Create a cookbook … with Love
by Mary Thiele Fobian
A very popular project for family reunions — often undertaken as a fundraising effort — is the creation of a family cookbook. If you have such an endeavor in mind, check out HeritageCookbook.com. This online service automates the challenging aspects of format, layout and printing, so you can devote your time and attention to gathering recipes and generating participation by family members.
I’ll get to the nitty-gritty about the process, but first I want to expose a shocking fact: HeritageCookbook.com was originated by Susan Love — a very “present” woman who will answer your email and questions, take your phone calls and actually address your issues! Furthermore, she’s interested in your cookbook’s “back story,” your reunion or group, and the reason you want to create a cookbook. When I tested the website, I was surprised and very pleased with the personal service. Love listens to feedback from users and actually makes changes and improvements.
After 16 years as a professional fundraiser, Susan Love developed HeritageCookbook.com to help others create their own effective fundraising cookbooks. Using the website and communicating with Susan by email and telephone, it’s very clear she loves what she’s doing.
Try it out!
First visit the website and give it a “test drive”—easily done, without financial obligation. Go to HeritageCookbook.com, click on “Free Trial” tab and follow the prompts.
Yes, it is possible to build a cookbook in four weeks, if you are organized in advance. If you’re thinking of a longer-term project, you may be interested in a membership: $29.95 for two months, $39.95 for four months or $59.95 for a full year. You can author a cookbook by yourself or collect contributions from others of recipes, pictures and stories. One person should have ultimate control over what recipes, stories and images are included and format used. Call yourself the editor-in-chief.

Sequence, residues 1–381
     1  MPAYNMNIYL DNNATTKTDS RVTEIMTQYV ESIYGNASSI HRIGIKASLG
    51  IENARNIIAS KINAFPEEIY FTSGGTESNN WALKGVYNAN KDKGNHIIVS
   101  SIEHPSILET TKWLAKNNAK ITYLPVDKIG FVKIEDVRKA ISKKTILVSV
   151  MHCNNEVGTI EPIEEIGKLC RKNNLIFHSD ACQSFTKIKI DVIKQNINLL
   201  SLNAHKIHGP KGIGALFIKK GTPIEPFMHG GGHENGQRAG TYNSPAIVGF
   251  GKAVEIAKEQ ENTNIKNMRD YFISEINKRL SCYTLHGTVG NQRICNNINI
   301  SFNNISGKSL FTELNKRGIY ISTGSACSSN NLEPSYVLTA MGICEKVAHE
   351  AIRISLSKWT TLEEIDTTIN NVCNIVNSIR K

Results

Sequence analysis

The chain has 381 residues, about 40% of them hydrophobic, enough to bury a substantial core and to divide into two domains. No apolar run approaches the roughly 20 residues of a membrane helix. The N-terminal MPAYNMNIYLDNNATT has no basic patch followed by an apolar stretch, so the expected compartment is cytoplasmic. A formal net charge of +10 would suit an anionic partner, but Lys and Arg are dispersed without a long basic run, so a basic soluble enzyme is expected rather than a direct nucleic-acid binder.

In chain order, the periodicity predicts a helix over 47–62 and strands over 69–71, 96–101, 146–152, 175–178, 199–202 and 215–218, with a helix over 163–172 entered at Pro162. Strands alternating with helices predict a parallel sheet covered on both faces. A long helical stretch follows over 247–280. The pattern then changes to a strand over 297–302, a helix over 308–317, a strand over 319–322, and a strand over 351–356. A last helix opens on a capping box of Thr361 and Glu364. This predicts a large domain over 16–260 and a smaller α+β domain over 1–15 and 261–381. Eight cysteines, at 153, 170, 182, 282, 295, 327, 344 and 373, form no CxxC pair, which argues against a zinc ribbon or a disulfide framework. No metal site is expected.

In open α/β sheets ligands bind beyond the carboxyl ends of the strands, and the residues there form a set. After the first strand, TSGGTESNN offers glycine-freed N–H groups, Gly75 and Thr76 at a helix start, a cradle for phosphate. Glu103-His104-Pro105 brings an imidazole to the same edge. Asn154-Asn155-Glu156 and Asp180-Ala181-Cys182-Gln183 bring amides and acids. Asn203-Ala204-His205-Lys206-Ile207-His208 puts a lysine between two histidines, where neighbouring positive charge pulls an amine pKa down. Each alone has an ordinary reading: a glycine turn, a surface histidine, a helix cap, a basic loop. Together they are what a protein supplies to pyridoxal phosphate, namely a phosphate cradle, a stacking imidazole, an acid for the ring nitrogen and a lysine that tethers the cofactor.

Using HeritageCookbook.com, you don’t need to worry about whether all the recipe submitters are using the right font, the correct size, identical margins or the same format. This is all automated.
As you enter each recipe, you select in which section it should appear. Sections include the familiar “Appetizers, Soups, Salads, Beverages, etc.,” seen in most cookbooks. Recipes can appear on one or two pages; or a one-page recipe can appear on a right-hand page, accompanied by a story and/or image on the facing left-hand page. In the final book, recipes automatically appear in alphabetical order within each section.
Uploading images is a snap: just follow the prompts. Grandma’s Oatmeal Cookie recipe can appear opposite a photo of Grandma captioned with your recollections of the warm fuzzies of being in her cozy, fragrant kitchen, munching on a cookie still warm from the oven and sipping a frosty glass of milk.
Images aren’t restricted to photos. A school that used HeritageCookbook.com accompanied each recipe with artwork created by the student whose family submitted the recipe, captioned with remarks from the student—heartwarming “keepsakes” like, “My mom and dad make yummy spaghetti … My mom and dad are the best parents in the world.”
You can put any image you choose (photo or artwork) on the front cover, as many pictures as you like inside (no extra cost), and add extra pages at the front and/or back of the book. The possibilities are endless: family tree charts, family stories, special photos.
A “Helpful Resources” tab at the website leads you to lots of food-related information, including Love’s own list of Standard Cooking Measurements, which you are welcome to use in your own cookbook. This is just one of the many offerings that come under the umbrella of “Free Stuff (without a lot of strings attached).” Once you’ve finished entering recipes, uploading photos and writing captions, you can preview the cookbook online. Love recommends that you print a draft from this preview feature and proofread it carefully.
The finished product is printed on high-quality paper and bound with a good, sturdy spiral. The spiral binding allows the book to lie flat—and stay open at the right page — while the cook concocts one of the wonderful family recipes. Recipes, stories and images are intended to be passed from generation to generation, and the quality of HeritageCookbook.com materials stands up to that measure.